MGM Studios DVD presents
The Defiant Ones (1958)
"He said not to worry 'bout catching them. They'll probably kill each other before they go five miles."- Sheriff Max Muller (Theodore Bikel)
Stars: Tony Curtis, Sidney Poitier
Other Stars: Theodore Bikel, Charles McGraw, Lon Chaney Jr, King Donovan, Kevin Coughlin, Cara Williams
Director: Stanley Kramer
MPAA Rating: Not Rated for (racial epithets, language, violence)
Run Time: 01h:36m:17s
Release Date: 2001-12-11
DVD ReviewOne of the seminal social dramas of the 1950s, The Defiant Ones sets a message of racial tolerance against the need for survival of two desperate men. Hugely influential in its time and for many years afterward, the picture still holds up well.
Convicts Joker Jackson (Tony Curtis) and Noah Cullen (Sidney Poitier) are part of a chain gang in the deep south, but the truck they're riding in is involved in an accident. The two escape, but are bound together by an unbreakable chain. As tight as this bond holds them together, their differences and mutual hatred make their very survival difficult. Pursued by the local sheriff (Theodore Bikel), they run afoul of a lynch mob led by Claude Akins, and a lonely woman (Cara Williams) who wants to escape her dreary life with Joker, even if it means Cullen's death.
The picture features one powerful performance after another. The two leads are superb and believable, with an intensity that practically shoots sparks. The supporting cast is fine as well, with Bikel and Williams taking the lead. Also notable is Lon Chaney Jr in a small role as the sympathetic head of the turpentine camp where the pair is caught by the lynch mob. King Donovan plays Solly, the twitchy and whiny master of the bloodhounds and Dobermans in pursuit of the convicts, and Charles McGraw is excellent as the state police captain who is at loggerheads with the sheriff about giving the convicts too much lead time.
Interestingly, there is no music in the film whatsoever beyond that naturally appearing; most notable of these snatches of music is a spiritual-type song that Poitier sings, in contrast to jazzy music that one of the posse is playing on his radio. While many suspense films use music as a crutch, director Stanley Kramer eschews it completely, and makes the film carry its own suspense. The result works quite well, with the action moving briskly.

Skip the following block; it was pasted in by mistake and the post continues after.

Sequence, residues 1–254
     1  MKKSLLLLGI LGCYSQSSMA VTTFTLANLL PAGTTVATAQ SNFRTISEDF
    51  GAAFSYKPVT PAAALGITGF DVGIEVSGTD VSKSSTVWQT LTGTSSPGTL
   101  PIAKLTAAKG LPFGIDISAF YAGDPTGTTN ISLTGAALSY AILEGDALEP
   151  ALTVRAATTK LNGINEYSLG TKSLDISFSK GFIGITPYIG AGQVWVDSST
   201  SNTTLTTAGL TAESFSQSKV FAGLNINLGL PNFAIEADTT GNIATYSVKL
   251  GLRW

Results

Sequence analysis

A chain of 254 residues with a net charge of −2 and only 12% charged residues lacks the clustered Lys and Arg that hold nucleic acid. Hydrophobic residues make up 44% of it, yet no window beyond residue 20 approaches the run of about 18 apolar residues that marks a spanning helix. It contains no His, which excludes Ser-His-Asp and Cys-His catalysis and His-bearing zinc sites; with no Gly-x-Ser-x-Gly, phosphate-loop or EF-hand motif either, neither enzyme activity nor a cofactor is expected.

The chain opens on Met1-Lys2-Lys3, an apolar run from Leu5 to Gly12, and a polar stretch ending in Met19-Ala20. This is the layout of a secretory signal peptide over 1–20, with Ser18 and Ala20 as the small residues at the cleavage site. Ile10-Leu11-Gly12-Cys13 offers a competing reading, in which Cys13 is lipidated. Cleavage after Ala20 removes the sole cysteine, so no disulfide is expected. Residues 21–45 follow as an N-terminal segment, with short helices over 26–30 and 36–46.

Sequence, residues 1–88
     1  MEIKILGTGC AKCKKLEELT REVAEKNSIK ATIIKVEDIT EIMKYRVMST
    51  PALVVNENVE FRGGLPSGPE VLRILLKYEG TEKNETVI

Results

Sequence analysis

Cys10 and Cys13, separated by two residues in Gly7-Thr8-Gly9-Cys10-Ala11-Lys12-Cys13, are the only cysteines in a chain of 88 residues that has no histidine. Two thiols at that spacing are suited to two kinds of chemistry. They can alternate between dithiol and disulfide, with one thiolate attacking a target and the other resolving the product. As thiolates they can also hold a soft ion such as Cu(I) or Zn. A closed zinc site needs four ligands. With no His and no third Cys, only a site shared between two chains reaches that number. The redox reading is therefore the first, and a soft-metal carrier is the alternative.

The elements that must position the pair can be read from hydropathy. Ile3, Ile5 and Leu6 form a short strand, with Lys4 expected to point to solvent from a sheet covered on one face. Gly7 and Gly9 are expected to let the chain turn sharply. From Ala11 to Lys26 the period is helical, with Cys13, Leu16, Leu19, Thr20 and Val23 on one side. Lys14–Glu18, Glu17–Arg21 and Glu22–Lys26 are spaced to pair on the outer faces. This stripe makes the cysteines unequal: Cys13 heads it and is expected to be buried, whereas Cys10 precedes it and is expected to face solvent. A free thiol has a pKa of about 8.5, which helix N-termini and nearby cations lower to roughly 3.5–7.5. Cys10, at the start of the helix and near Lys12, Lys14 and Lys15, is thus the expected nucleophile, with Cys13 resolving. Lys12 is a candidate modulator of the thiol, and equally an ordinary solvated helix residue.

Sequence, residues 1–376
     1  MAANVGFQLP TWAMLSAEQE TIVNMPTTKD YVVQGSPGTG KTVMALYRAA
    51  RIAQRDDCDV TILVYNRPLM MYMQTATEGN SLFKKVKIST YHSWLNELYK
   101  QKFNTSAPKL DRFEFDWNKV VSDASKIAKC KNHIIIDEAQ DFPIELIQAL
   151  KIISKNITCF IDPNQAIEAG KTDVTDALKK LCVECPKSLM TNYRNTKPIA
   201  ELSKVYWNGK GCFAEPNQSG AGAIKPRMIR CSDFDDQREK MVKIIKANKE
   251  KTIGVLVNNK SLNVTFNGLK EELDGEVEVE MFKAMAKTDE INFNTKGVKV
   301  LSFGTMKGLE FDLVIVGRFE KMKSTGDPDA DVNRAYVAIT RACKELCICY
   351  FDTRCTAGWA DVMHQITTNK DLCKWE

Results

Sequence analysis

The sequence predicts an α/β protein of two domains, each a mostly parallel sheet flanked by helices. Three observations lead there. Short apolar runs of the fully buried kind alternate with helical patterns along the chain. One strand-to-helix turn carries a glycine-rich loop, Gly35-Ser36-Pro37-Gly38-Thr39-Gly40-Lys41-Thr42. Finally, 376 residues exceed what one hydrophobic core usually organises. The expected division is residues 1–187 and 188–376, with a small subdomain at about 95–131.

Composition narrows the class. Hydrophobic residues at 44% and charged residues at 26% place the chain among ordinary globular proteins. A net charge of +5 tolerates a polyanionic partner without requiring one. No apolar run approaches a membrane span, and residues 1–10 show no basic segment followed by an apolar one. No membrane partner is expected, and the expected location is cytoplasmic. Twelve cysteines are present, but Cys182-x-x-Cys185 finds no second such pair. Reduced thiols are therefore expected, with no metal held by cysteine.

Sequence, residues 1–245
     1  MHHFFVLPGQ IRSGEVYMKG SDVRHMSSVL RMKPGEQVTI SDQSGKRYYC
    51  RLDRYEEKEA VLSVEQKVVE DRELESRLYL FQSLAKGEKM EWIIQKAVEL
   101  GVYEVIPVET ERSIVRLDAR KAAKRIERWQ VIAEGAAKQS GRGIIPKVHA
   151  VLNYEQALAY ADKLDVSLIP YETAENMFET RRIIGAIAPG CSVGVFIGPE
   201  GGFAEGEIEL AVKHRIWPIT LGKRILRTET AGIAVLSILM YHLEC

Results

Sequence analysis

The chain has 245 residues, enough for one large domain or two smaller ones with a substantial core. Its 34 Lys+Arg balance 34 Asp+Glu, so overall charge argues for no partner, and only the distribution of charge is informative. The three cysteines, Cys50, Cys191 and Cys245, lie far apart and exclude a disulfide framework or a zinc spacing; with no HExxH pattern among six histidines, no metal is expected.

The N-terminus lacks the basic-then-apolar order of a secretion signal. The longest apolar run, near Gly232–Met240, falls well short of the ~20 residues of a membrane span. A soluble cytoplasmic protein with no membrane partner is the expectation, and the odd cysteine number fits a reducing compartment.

The camera is generally stable and unobtrusive; there is one notable shot, however, as Curtis and Williams discuss taking her car and leaving Cullen behind; the reflection of Poitier can be seen in the side window between the two of them, long before they realize his presence. Quite a bold stroke that is highly effective, in part because so few such stylized shots are used in the picture.
The final product is superb drama, with excitement aplenty, and an important message of racial understanding that isn't overly preachy.
Rating for Style: A
Rating for Substance: A+
|Aspect Ratio||1.66:1 - Widescreen|
|Original Aspect Ratio||yes|
Image Transfer Review: The nonanamorphic 1.66 widescreen picture looks great. Detail is sharp and clear, without edge enhancement. The black & white photography comes through beautifully with a wide shade of grays, excellent shadow detail and rich, vibrant black levels. The bit rates are consistently high, running between 7 and 8 Mbps for most of the film. Even the copious running water is rendered well. The only drawback is that it isn't anamorphic, which downgrades the picture from an A+
Image Transfer Grade: A-
|Mono||English, French, Spanish||yes|
Audio Transfer Review: Similarly, the 2.0 mono track sounds terrific. No hiss or noise was audible, dialogue is clear, and the ambient sounds of nature are prominent and realistic. The radio music sounds appropriately tinny, but otherwise the audio is undistorted. There's not much in the way of bass here, but the sound is much better than expected for a picture of this vintage.
Audio Transfer Grade: B+
Disc ExtrasStatic menu
Scene Access with 16 cues and remote access
Subtitles/Captions in French, Spanish with remote access
1 Original Trailer(s)
Extras Review: The sole extra is a dupey, soft, overly contrasty trailer with noisy sound. More than anything, it points up just what a terrific transfer MGM has provided for this classic.
Extras Grade: D
Final CommentsA classic drama of two convicts bound together by a chain and torn apart by mutual hatred, given a terrific transfer. Lacking in extras, but definitely recommended. This may not be a big moneymaker for MGM, but it's certainly been accorded proper respect.
Mark Zimmer 2001-12-03